Interestingly, Ossie’s actions were not  just quick – they were record quick!  As it turns out, a manufacturer’s rep from the company that installed the AED unit pulled the diagnostic chip from the AED used to save the man’s life, and the chip shows that Ossie was able to  start it,  fire the life saving jolt, and get the man’s heart to start working, all in just 16 seconds – the fastest time ever recorded by the company’s equipment.  Indeed, every second counts.

 

Many call Ossie a hero – but she wants none of that.  Her only desire was to help a friend and fellow human being.  If anything, she wants everyone to learn about AEDs and how they can save lives.

 

To that end, please take time to visit the following Wikipedia link (http://en.wikipedia.org/wiki/Automated_external_defibrillator) that features easy-to-understand information on AEDs.  You can also check with your local branch of the American Heart Association (http://www.heart.org/HEARTORG/) for information on AEDs and to learn where you can be trained in their use.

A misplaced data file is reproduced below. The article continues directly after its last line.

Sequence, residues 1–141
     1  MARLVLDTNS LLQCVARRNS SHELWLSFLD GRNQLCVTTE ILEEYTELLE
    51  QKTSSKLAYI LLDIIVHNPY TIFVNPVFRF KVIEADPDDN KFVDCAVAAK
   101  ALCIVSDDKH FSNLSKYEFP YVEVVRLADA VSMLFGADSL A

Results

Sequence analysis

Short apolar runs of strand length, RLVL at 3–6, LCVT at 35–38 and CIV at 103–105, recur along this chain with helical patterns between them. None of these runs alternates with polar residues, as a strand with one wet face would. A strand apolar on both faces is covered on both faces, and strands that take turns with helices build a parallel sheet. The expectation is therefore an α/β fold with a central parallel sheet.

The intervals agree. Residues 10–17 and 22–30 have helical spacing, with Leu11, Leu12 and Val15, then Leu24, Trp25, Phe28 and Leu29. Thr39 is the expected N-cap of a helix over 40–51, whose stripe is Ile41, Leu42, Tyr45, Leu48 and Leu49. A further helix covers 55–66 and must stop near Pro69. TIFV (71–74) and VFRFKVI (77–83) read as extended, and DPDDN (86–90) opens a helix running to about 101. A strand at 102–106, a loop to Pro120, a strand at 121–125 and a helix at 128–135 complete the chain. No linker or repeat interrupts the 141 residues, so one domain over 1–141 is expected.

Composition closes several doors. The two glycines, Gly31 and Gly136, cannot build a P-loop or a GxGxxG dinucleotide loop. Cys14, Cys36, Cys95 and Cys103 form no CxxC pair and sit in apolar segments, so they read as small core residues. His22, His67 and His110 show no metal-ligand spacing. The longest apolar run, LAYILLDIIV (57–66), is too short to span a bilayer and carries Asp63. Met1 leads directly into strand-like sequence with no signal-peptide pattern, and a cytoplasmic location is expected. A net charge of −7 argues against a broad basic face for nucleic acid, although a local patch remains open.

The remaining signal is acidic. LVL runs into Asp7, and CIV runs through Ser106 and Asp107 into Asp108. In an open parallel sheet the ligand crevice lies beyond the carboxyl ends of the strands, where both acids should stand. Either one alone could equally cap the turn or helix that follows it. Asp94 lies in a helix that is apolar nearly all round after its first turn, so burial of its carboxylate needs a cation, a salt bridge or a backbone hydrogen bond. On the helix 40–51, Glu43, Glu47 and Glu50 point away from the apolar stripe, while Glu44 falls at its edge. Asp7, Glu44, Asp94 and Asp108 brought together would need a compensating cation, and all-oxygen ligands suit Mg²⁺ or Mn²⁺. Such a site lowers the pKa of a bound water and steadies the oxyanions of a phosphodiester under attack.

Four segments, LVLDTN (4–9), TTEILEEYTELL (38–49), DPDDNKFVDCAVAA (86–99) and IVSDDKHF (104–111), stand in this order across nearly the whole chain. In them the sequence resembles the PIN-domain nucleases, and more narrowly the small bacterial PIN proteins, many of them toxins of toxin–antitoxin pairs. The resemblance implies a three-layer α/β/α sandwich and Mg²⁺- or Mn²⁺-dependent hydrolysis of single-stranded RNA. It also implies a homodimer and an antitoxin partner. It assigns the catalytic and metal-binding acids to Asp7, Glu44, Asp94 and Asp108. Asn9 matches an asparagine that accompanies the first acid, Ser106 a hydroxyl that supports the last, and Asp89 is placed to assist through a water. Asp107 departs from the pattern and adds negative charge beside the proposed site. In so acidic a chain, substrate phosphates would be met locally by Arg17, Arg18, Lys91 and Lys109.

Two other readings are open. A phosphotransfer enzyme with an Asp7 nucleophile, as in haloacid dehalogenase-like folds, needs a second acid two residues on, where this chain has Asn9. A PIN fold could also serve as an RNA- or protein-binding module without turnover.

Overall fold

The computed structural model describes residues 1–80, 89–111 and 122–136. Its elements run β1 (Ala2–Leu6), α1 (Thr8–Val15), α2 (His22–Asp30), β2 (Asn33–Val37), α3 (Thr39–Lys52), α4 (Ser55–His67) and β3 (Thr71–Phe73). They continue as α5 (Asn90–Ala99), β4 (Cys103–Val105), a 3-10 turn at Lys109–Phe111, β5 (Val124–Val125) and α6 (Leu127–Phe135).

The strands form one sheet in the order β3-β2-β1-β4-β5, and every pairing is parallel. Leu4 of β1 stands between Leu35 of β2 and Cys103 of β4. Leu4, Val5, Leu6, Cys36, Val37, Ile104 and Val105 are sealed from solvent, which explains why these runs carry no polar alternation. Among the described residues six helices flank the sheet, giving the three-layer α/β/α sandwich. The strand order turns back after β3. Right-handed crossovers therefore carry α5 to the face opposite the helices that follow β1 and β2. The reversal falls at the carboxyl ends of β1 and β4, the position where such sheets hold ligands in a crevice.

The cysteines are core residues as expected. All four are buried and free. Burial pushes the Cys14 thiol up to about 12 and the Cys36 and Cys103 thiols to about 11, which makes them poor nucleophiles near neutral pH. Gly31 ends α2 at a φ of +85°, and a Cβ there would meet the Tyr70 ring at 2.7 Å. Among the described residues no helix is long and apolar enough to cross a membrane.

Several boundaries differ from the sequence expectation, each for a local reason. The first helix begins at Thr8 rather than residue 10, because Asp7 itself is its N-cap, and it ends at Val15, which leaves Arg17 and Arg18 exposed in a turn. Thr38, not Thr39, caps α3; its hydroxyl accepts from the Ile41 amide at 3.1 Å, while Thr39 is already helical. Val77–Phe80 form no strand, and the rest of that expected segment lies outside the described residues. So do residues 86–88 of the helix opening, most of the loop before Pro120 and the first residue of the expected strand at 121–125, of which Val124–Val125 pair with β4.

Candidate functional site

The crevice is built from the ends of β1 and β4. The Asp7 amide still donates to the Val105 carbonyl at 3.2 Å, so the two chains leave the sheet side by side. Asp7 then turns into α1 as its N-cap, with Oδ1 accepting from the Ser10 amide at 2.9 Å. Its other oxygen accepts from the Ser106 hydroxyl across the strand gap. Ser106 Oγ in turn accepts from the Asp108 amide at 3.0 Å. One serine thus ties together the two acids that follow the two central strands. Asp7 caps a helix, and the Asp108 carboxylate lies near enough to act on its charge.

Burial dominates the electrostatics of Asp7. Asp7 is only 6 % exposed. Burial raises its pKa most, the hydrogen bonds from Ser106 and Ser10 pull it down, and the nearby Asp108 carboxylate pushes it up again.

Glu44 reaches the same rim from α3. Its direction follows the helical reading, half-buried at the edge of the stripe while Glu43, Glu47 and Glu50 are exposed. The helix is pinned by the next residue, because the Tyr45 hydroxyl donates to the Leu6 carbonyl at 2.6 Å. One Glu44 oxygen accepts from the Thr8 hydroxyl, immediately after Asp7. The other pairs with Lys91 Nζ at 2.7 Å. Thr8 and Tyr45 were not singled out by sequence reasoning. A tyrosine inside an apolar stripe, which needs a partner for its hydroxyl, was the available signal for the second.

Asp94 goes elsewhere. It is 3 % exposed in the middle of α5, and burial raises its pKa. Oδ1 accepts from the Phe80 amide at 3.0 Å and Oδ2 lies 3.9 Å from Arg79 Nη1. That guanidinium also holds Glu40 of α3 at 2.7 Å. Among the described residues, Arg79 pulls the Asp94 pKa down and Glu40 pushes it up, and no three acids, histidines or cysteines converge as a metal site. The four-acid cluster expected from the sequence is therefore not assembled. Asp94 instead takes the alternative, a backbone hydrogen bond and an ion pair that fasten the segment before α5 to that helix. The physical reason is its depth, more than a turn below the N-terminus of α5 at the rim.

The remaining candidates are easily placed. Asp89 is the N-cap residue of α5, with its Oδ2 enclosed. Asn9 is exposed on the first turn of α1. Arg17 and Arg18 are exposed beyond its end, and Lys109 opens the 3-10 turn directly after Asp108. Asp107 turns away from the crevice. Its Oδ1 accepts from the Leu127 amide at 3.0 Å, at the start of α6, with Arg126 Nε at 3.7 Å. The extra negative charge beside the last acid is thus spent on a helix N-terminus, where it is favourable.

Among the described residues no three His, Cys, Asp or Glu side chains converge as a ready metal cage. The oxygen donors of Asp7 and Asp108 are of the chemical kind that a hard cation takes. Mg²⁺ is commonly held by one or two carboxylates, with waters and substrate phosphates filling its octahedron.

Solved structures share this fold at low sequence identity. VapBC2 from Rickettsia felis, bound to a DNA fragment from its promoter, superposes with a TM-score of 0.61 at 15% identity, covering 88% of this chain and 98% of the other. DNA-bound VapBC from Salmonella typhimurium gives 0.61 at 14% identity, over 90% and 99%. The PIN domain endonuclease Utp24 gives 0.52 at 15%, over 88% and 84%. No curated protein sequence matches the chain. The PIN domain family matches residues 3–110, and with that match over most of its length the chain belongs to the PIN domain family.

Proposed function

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January 28, 2011

Today Marks the 25th Anniversary of the Space Shuttle Challenger Disaster.  Christa McAuliffe - We Shall Never Forget



January 28, 1986. 11:37 a.m.  The excitement could not have been greater.  In just moments, seven of America's finest would lift off from Cape Canaveral, FL, leaving the bounds of earth on NASA space mission STS-51-L.  Seventy-three seconds later, disaster struck as Space Shuttle Challenger disintegrated over the Atlantic Ocean off the coast of Florida - taking with it all seven aboard - including teacher Christa McAuliffe.


McAuliffe, born in Boston, MA on September 2, 1948, was a teacher from  Condord, NH.  In 1985, McAuliffe was selected from more than 11,000 applicants to participate in the NASA Teacher In Space Project and she was scheduled to become the first teacher in space.  As a member of mission STS-51-L, she was planning to conduct experiments and teach two lessons to students on earth from Space Shuttle Challenger.